Decentralize

Decentralize: (v) to distribute the administrative powers or functions of a central authority

The premise was simple:

Make sure that every Big Mac served in a McDonald’s restaurant anywhere in the world tastes equally as good.

Yet I will tell you, even if you have identical ingredients, it is still being made by people who rise and fall based on their level of passion.

  • You can organize.
  • You can inform.
  • You can bolster.

But there are certain individuals who will excel above others simply because they’ve established a standard which they refuse to abandon, even if inconvenience threatens them.

I know it is popular to believe the government can be decentralized—that we don’t need so much power in Washington, D. C., but instead, should distribute it throughout the states and local principalities.

But is it really possible that there are four hundred thousand respectable, trustworthy leaders to honor goodwill for the people?

How difficult is it to find one?

So if we can get that one example to be so shining that it encourages others to do better, then we have the makings of a possibility instead of a flop.

For I will tell you, even a leadership conference requires leaders.

And if you put fifteen people in a room, they will shake and rattle to their levels of importance and value unless you try to mess with it.

To provide for the common good means we need to have a central point where nothing but the common good is discussed, considered, honored and revered.

To expect this to be the same in Buttrick, South Dakota, as it is in Grassley, California, is not only optimistic, but maybe endangers good folks from getting good things.

Crawdad

funny wisdom on words that begin with a CCrawdad: (idiom) crayfish

If you run across a situation which is odd, or a group of people who seem a bit bizarre, always remember the power of the word “colorful.”

In other words, “these circumstances are not dangerous or bewildering—they’re just colorful.”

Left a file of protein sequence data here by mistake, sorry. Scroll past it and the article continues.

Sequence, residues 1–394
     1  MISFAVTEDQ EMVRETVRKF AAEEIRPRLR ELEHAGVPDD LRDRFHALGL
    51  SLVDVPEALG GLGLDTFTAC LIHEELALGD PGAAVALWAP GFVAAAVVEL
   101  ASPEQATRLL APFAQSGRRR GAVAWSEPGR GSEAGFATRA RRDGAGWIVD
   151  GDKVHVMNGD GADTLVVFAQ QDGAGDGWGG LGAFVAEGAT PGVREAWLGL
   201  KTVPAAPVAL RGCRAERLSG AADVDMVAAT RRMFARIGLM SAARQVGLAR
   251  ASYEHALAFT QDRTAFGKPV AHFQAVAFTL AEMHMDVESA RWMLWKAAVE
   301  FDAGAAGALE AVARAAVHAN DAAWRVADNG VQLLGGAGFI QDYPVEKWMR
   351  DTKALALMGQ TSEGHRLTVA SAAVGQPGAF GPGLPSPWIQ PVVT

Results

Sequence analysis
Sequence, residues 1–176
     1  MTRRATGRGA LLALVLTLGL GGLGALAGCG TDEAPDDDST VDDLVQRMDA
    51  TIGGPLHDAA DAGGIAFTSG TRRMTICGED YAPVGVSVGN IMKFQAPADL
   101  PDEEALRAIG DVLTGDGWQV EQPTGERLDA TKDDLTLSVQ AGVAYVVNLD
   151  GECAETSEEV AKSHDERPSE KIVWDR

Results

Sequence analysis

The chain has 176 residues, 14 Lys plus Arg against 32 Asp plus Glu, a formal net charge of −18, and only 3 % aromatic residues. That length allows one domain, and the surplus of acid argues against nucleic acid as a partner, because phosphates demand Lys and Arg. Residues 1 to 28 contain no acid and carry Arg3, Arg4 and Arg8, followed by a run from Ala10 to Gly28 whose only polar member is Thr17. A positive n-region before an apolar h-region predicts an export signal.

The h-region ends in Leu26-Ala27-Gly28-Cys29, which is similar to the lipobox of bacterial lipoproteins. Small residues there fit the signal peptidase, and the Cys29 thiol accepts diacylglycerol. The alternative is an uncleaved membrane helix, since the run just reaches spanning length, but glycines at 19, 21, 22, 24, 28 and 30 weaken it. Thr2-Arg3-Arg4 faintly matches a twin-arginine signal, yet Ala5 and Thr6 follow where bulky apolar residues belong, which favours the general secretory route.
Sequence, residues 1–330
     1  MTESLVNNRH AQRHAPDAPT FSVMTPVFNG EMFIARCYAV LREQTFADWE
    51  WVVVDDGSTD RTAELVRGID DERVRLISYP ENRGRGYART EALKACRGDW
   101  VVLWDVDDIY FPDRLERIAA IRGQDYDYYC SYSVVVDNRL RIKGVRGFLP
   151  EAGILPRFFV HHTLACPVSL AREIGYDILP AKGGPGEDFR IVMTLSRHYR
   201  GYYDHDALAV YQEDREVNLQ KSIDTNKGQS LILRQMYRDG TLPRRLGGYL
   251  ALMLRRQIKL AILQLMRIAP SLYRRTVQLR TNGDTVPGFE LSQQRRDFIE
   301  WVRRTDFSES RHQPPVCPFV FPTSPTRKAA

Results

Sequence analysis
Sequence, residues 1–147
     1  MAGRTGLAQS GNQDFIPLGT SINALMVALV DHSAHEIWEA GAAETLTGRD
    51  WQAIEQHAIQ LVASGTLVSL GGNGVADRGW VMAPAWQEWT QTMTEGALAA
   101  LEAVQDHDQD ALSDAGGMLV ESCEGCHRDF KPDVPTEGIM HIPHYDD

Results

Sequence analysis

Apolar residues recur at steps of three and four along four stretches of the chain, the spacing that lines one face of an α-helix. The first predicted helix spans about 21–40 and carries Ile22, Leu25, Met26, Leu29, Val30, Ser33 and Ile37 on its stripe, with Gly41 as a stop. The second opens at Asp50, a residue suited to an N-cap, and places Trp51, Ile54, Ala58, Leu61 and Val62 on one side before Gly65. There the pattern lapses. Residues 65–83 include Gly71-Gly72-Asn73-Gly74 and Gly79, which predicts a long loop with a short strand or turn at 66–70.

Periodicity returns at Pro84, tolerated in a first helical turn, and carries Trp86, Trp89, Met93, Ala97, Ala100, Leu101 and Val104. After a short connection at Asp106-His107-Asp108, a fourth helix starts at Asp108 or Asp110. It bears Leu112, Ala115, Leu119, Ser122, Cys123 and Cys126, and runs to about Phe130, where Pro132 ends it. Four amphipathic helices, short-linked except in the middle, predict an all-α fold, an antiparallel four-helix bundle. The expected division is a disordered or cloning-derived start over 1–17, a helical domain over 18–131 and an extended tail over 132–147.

It’s a word I learned when I lived four years in Louisiana. Being raised in the Midwest, I found the folks of the Bayou to have many traditions I thought were challenging.

Chief among them was the eating of crawdads.

I had seen these creatures as a little boy. My parents even referred to them as the “poor man’s lobster.”

But I had never observed them regarded with such relish as in Louisiana. (Actually, relish is one of the few things they don’t eat crawfish with.)

I was frustrated. There is so little meat on the crawdad that it is an exhausting chore to get two tablespoon’s worth of fishy flesh. The natives, of course, laughed at me. They explained that the great taste of the little varmints lay in “sucking their heads.”

Yes. I’m talking about taking that tiny crusty head which looks like it came off the monster in “Alien,” and putting it up to your mouth and sucking in. They explained that many folks who tried it for the first time compared it to eating raw oysters.

Excellent. May I point out that to me, eating raw oysters is like being forced to slurp up one’s own snot?

I’m usually not this picky. After all, my entire life I have eaten hotdogs with no fear of gristle and bone fragments. But there is something so ugly about the crawdad. The little booger just gives me the creeps.

I tried. But even after four years, whenever they walked over to a table covered with newspaper and dumped a big pan of them onto the table, my first instinct was to scream like a little girl and run down to McDonald’s and order a Happy Meal.


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Choosy

Choosy: (adj) overly fastidious in making a choice.